United Kingdom Passes the Most Invasive Surveillance Law in the History of Democracy EVER - RiseEarth

United Kingdom Passes the Most Invasive Surveillance Law in the History of Democracy EVER

by Organic and Healthy

The Parliament in the United Kingdom has just passed one of the most intrusive surveillance laws in history.

The new law allows the government to spy on data collected from all citizens in the UK, not only those suspected of illegal activity. The law will allow the collecting of data from web traffic and telephone data of every UK citizen, and has been dubbed ‘the Snooper’s Charter.'

Several attempts to pass this law have been attempted in previous years, but due to the fractious nature of the UK parliament, it meant no one part had enough supporters to wave it through. One of the law's biggest supporters was Theresa May, of the Conservative party, who was made Prime Minister earlier this year, which has given her enough backing to have the law passed.

The law was passed by both the House of Commons and the House of Lords, and is expected to be put into use by the end of the year.

This law is actually one of the repercussions from the fallout of the RIPA law, exposed by Edward Snowden which was a law that allowed the spy network GCHQ to spy on British citizens.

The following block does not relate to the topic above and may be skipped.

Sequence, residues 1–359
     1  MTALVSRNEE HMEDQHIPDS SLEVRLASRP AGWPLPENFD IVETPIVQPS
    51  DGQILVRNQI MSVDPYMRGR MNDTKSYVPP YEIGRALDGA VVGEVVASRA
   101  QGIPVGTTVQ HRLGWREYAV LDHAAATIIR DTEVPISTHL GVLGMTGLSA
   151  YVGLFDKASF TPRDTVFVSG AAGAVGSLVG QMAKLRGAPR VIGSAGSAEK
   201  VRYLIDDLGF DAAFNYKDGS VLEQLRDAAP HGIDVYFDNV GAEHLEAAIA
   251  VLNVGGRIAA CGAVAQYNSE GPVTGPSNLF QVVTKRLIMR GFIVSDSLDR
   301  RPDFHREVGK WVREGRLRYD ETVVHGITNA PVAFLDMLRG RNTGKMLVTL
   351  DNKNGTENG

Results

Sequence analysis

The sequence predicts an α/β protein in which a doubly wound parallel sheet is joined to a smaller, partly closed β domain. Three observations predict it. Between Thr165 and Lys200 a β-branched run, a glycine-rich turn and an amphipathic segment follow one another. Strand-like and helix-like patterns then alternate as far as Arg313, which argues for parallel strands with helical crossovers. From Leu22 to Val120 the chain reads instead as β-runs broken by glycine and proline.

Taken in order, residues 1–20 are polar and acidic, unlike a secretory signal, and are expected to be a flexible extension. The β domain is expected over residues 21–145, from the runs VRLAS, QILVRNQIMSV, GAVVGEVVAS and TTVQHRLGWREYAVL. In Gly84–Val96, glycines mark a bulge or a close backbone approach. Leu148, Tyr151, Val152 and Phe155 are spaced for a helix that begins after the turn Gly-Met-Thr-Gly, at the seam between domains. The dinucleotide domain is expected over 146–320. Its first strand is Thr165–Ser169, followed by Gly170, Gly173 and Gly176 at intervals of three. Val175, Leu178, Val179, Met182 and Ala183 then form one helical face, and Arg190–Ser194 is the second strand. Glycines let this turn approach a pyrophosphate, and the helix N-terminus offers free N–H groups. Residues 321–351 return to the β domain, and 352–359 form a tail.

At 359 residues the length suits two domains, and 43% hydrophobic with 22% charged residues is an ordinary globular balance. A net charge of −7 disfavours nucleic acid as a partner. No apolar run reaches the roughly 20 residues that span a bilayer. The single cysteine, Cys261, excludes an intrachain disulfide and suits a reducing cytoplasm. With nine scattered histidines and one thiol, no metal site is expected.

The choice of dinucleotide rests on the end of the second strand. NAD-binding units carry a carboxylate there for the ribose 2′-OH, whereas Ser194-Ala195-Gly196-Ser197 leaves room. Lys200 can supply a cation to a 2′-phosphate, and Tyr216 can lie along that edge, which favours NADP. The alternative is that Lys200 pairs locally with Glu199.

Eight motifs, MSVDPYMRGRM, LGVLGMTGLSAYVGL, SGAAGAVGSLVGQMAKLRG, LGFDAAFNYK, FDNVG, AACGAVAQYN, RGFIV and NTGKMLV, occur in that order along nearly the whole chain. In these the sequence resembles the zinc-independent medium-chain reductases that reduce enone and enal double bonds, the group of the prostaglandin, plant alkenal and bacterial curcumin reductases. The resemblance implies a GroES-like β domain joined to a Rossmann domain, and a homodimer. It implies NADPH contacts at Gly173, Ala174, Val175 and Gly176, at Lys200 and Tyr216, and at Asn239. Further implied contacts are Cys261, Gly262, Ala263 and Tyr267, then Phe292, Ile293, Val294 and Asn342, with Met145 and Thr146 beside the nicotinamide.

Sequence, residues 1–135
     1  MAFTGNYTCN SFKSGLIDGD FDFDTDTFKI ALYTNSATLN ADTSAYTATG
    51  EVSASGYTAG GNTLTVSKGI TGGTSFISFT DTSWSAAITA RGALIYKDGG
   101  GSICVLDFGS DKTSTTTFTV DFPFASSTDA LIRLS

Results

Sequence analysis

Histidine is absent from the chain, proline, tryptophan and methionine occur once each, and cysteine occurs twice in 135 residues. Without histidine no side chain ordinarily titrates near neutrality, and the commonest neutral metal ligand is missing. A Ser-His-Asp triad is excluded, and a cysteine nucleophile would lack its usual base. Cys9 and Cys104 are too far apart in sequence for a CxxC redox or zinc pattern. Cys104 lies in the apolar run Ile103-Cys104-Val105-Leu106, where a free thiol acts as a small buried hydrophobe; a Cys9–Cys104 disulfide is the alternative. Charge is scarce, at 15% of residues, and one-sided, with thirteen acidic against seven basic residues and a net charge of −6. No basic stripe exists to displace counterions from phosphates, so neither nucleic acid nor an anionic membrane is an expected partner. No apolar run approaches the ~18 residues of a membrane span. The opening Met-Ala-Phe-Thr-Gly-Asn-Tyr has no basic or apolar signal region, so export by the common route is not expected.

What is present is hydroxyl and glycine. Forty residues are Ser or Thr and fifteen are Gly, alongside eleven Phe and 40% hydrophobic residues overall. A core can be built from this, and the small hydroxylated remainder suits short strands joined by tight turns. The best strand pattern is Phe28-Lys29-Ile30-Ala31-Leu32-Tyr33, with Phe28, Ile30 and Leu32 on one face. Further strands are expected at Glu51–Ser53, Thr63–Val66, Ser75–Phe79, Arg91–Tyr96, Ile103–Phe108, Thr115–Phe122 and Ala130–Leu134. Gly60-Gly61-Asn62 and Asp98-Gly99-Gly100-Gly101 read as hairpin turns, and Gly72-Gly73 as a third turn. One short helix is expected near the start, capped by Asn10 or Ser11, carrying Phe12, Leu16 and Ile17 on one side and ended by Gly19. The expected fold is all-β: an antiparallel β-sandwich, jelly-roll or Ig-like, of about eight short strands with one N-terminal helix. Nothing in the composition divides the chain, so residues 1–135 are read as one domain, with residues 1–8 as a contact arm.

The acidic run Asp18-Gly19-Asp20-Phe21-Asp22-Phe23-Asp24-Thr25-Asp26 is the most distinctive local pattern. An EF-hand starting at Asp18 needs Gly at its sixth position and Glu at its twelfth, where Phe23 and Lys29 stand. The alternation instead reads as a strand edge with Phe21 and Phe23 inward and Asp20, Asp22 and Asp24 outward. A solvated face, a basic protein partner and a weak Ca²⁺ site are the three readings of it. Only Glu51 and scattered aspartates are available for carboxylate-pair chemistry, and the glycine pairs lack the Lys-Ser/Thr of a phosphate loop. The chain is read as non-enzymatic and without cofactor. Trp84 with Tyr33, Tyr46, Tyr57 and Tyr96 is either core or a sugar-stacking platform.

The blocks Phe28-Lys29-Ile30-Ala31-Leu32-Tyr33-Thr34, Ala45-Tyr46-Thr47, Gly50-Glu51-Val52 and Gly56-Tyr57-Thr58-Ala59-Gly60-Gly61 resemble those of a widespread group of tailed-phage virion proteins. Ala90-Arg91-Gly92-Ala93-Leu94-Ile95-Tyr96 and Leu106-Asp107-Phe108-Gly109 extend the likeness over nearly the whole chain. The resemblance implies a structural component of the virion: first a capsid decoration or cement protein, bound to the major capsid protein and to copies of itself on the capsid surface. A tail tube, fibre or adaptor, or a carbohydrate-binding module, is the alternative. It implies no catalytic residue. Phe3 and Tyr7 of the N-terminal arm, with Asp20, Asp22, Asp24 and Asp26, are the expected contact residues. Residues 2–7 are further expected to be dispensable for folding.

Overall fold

While the public were outraged by the exposure of the old law, the new one is even more intrusive. The data will be available for inspection by many of the UK governing bodies from the police to the armed forces.

The new law will allow:
  • Internet Service Providers must log every user’s web browsing history for a year.
  • Police and other law enforcement agencies can access this data through a specialized interface and search for suspects or general profiles.
  • Security services can access and analyze public and private databases.
  • Government agencies can still collect communications data in bulk, just like through RIPA.
  • Police and other law enforcement agencies can, under certain circumstances, hack into users’ devices.
  • Communications operators must remove their side of encryption and help state agencies access data or devices.

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